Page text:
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New Poll Reveals Depths Of Pat Quinn's Popularity

By Chuck Sudo in News on Nov 30, 2012 3:00PM

Gov. Pat Quinn with a few of his supporters (Photo courtesy of Gov. Quinn's Flickr feed.)

We already knew Pat Quinn's approval ratings as Illinois Governor are so low that no amount of A Prairie Home Companion appearances or cinnamon challenges are likely to result in a rebound any time soon. A new poll conducted by Public Policy Polling gives an indication of how deep in the weeds Quinn has sunk, particularly if he wants to stay in the Governor's mansion past 2014. (It's never too early to place your bets, readers.)

With a 64 percent disapproval rating, Quinn is the most unpopular governor PPP has polled in the country this year. Only 25 percent of those polled were satisfied with Quinn's performance. Quinn's disapproval ratings among Democrats are more telling: 43 percent of Democrats who took the survey disapproved of him.

With the gubernatorial primaries less than two years away, Quinn trails in head-to-head match ups against Bill Daley (37-34), and Illinois Attorney General Lisa Madigan—if she decides to run for governor—64-20. Madigan is the wild card in early gubernatorial odds, according to PPP. If she embarks on a run for governor, she would be the early favorite in the primary and general election.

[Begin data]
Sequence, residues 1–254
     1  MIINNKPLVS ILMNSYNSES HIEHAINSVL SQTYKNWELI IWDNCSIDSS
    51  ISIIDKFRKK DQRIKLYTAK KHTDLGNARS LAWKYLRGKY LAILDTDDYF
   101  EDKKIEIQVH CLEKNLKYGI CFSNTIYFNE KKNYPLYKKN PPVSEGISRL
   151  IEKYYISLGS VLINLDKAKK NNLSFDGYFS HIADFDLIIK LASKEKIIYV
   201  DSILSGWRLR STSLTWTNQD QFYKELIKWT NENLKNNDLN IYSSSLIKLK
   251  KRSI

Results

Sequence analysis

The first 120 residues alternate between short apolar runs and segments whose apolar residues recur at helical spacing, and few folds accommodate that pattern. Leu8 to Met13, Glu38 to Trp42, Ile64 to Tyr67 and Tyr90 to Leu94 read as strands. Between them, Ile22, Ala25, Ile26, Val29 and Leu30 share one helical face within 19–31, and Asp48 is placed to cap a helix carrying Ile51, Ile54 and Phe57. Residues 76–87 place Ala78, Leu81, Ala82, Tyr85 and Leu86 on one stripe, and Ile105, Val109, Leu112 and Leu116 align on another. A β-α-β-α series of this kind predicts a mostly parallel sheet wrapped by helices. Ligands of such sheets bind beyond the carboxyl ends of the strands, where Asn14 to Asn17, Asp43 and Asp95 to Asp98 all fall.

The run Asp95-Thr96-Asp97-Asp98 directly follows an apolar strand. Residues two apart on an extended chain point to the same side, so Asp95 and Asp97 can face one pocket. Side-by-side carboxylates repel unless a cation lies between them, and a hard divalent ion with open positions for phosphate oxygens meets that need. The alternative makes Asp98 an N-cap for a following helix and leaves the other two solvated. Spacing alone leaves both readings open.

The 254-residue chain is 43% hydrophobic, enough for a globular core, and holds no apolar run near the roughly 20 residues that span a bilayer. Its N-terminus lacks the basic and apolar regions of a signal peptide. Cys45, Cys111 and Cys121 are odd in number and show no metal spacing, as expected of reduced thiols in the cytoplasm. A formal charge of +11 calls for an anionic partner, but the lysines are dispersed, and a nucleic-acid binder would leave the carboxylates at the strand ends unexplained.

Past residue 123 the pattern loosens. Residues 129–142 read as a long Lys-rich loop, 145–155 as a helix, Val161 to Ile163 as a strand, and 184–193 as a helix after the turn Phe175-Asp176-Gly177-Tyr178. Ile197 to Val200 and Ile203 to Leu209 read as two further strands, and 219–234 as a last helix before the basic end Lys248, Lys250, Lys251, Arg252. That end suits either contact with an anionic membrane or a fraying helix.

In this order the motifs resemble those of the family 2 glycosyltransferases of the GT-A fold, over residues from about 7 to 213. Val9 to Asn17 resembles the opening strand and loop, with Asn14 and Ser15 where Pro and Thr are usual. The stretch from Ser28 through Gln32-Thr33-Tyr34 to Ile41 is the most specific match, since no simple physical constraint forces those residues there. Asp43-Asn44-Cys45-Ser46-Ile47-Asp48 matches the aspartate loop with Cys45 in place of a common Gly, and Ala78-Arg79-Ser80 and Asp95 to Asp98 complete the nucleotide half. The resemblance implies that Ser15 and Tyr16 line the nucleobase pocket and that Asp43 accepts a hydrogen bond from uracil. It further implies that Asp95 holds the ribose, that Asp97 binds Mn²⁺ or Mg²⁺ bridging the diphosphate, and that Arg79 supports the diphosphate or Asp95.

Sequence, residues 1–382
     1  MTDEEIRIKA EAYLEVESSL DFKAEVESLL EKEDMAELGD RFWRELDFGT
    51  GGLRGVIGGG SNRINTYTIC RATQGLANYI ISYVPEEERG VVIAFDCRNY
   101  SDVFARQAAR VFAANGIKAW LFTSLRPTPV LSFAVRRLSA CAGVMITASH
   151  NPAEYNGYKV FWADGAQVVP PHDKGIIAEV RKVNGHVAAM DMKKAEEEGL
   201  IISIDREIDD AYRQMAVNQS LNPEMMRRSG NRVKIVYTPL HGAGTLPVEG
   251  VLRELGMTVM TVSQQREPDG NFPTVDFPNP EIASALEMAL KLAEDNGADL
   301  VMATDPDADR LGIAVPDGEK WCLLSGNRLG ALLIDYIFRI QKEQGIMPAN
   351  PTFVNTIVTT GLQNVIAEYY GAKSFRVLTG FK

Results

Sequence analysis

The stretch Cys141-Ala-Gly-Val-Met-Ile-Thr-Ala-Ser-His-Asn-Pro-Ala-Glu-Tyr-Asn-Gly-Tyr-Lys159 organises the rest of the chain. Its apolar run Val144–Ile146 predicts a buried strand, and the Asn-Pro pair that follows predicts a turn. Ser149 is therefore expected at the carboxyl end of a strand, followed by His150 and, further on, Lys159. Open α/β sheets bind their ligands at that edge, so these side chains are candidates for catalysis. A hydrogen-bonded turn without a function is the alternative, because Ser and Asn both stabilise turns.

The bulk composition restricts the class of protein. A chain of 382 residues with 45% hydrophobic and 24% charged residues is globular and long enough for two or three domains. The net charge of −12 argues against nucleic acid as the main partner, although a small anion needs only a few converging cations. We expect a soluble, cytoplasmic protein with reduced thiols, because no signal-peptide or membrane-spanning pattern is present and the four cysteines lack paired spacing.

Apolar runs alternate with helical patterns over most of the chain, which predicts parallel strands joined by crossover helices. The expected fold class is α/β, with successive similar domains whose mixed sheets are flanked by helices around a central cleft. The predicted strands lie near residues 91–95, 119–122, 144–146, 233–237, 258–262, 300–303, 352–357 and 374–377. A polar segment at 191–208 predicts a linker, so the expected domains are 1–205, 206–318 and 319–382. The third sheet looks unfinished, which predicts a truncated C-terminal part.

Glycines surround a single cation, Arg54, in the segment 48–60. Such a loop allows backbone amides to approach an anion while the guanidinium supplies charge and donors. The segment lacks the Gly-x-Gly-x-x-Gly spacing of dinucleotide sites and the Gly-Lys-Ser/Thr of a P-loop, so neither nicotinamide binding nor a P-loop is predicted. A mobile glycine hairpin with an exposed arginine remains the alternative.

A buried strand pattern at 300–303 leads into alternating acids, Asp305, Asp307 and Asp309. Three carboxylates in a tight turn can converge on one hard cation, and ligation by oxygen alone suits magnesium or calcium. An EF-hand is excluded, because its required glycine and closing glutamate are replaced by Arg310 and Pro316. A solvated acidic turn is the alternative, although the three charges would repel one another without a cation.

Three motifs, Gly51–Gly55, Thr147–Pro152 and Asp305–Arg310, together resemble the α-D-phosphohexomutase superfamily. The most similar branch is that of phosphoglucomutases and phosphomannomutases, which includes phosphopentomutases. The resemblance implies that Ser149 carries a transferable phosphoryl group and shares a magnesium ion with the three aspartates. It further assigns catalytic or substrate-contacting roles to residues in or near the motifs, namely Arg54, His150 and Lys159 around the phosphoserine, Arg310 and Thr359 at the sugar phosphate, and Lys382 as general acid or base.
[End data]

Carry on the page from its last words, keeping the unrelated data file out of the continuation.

Quinn fares only slightly better against GOP gubernatorial prospects. He would trail in head-to-head match ups against State Sen. Kirk Dillard (44/37) and Illinois Treasurer Dan Rutherford (43/39), while holding a one-point advantage over Congressman Aaron Schock (40/39). But the Illinois GOP is in such disarray the field for the nomination is wide open.

The veto-proof super-majorities in both houses of the Illinois General Assembly will only make Quinn's poll numbers harder to overcome. Not that they needed super-majorities: the state Senate voted 49-4 Wednesday to override Quinn's amended ban on assault weapons. Quinn used his amendatory veto powers to place a ban on assault weapons and high capacity ammunition magazines to a mail-order ammunition bill in July. Senators said Quinn overstepped his bounds.

Quinn spokeswoman Brooke Anderson said he would continue to pursue an assault weapons ban, but didn’t provide details. Hopefully it doesn’t involve a cartoon animal with a cute name.